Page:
HomeMain Slider“My dear paati is gone” Mourns Padma Lakshmi

“My dear paati is gone” Mourns Padma Lakshmi

“My dear paati is gone” Mourns Padma Lakshmi

The Indian American TV star and chef Padma Lakshmi credited her late grandmother with teaching her “about life, often through food.” (photo Instagram)

By India-West Staff Reporter

NEW YORK, NY – In a heartfelt tribute to her grandmother on Instagram, Padma Lakshmi mourned her grandmother, Rajima.

The news came on Feb.13 where the Indian American ‘Top Chef’ host announced the tragic passing of her grandmother. “She was my rock and example,” Lakshmi, 51, said and posted a video with Rajima’s photos. “Rajima lived life serving others. She raised us all.”

A grateful granddaughter continued, “She was much more than a grandma, the only one I knew. She helped raise me, my whole childhood whenever my mom needed a break. I wouldn’t have the career I have without her guidance. But more importantly, I would never be who I am without her love & care. She didn’t just teach me about food, but about life, often through food.” The Indian American also said that Rajima might look familiar to people, “You may recognize her from my cookbook cover, or in drawings from ‘Tomatoes for Neela,’” she wrote.

The ‘Top Chef’ host also recounted her grandmother’s achievements stating, “Rajilakshmi Krishnamurti started the first Montessori school in Tanjavur and was a teacher for 20 years in DTEA and MEA, Delhi. She worked at Asian hospital in Madras, went to slums in a mobile vax unit treating thousands of kids. Finally, she helped set up at an orphanage in Besant Nagar, all while raising 4 kids, 6 grandkids, nieces, and younger siblings, too. For decades she cooked daily meals and tiffin for 8-10 on a 2-burner stove in govt housing.”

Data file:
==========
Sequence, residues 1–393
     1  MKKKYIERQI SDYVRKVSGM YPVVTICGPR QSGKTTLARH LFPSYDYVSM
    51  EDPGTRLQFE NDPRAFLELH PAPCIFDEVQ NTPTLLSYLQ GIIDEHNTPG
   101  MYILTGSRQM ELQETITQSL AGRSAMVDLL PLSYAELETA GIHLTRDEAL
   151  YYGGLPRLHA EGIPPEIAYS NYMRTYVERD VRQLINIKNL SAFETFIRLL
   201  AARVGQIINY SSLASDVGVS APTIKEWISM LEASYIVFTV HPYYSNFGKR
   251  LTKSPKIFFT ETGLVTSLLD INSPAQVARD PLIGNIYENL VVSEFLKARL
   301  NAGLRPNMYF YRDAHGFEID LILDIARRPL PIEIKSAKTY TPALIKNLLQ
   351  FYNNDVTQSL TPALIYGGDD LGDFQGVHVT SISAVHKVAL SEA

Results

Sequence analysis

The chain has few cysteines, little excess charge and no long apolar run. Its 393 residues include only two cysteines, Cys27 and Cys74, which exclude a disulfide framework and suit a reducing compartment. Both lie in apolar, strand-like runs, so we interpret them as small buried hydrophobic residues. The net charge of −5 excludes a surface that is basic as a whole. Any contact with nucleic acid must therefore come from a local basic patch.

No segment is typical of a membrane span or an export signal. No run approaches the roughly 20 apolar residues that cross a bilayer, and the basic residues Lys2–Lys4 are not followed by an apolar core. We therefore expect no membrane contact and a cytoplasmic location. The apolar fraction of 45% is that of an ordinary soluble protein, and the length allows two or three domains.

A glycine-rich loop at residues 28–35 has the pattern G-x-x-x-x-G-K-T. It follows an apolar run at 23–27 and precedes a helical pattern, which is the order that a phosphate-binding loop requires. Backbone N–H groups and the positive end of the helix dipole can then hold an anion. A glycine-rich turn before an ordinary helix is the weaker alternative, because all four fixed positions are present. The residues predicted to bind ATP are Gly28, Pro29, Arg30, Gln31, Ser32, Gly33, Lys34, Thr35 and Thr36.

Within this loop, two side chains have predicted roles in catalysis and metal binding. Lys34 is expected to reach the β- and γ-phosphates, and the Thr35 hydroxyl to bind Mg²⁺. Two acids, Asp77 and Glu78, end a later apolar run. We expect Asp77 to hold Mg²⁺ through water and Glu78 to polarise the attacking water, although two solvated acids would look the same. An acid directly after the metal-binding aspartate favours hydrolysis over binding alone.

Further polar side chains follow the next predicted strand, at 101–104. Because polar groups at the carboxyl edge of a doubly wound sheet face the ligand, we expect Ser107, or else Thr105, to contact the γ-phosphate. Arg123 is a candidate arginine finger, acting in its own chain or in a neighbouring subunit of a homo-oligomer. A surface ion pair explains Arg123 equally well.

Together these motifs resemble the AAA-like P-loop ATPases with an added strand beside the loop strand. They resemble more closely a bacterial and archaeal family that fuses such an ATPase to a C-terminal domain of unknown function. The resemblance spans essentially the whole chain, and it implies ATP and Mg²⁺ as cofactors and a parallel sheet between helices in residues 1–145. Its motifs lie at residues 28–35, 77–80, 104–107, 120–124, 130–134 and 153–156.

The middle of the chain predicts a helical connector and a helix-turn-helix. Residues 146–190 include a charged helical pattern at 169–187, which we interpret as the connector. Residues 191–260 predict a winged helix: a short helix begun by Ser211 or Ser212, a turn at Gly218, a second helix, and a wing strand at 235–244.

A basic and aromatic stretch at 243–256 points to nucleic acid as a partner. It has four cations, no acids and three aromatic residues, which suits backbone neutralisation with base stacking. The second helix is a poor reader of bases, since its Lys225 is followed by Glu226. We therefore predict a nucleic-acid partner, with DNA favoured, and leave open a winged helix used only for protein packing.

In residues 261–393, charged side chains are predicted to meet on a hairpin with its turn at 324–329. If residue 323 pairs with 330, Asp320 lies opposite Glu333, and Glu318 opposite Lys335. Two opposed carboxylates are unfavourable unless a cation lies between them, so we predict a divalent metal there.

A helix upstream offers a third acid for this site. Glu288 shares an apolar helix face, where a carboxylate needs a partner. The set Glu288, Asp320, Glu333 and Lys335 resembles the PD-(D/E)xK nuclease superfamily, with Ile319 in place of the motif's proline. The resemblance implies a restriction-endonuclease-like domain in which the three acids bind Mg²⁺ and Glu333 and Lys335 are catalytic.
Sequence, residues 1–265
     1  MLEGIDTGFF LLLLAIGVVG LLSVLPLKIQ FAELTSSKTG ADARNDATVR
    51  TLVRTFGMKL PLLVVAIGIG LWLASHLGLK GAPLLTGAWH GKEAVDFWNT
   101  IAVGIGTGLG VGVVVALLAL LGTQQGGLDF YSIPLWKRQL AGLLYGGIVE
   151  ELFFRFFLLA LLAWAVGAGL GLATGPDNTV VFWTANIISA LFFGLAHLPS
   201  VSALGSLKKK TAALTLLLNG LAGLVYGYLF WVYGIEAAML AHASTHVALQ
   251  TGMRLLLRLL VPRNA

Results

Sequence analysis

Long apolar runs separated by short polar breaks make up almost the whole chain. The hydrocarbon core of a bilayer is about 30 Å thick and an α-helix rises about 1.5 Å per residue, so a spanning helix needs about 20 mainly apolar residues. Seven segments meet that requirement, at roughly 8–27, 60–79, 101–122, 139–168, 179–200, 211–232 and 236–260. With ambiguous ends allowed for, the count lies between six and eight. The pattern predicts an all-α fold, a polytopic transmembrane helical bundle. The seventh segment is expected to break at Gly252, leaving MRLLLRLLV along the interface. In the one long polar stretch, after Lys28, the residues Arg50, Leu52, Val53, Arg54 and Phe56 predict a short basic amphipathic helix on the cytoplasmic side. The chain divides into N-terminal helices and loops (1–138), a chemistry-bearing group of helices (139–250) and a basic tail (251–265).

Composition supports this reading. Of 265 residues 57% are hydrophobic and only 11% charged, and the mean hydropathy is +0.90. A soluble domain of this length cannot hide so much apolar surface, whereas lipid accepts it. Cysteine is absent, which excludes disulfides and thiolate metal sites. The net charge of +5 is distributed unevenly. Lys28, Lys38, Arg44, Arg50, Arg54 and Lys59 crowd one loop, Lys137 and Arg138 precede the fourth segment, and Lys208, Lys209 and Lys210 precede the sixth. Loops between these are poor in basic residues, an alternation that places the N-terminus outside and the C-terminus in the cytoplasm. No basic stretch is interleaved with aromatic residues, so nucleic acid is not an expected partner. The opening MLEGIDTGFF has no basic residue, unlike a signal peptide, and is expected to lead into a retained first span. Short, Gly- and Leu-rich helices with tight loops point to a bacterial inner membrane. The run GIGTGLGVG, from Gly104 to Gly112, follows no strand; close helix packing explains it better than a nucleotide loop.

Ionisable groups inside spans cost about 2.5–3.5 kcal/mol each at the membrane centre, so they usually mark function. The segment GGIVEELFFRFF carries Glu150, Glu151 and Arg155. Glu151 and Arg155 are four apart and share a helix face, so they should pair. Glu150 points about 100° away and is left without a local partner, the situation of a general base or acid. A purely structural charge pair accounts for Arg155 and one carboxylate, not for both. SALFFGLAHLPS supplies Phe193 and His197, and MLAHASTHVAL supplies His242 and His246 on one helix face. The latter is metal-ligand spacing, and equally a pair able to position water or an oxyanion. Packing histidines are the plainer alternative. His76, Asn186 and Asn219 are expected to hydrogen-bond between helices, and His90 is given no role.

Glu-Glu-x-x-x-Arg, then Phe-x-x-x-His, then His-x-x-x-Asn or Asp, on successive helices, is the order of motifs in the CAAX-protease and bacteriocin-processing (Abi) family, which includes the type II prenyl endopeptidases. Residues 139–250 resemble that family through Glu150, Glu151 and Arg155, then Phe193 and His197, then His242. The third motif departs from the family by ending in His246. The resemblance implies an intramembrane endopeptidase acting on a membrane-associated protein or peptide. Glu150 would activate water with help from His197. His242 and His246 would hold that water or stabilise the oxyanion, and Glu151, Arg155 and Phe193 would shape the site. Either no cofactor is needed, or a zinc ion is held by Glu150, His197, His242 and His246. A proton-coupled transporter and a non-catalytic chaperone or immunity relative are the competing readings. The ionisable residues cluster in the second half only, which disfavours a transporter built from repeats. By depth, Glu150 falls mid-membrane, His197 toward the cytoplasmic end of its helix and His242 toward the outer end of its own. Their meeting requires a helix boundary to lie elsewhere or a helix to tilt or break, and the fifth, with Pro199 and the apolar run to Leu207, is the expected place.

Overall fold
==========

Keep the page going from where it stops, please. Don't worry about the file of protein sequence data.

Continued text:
Padma Lakshmi is nothing but grateful to have spent some quality time with her grandmother amid the COVID-19 pandemic that was full of suffering and loss for many.

Lakshmi concluded the post with gratitude, “I’ve had a crazy, exhausting, devastating week. I‘m grateful she waited. Just like she always did on our veranda when I arrived back from the US. I met her knowing eyes, held her hands, rubbed her feet. I thanked her for a lifetime of teaching. Her gift. I was able to bear witness as she’d always done. She left us hours later. Elegant and patient with me to the last minute. I love you Jima, na poittu varren.”

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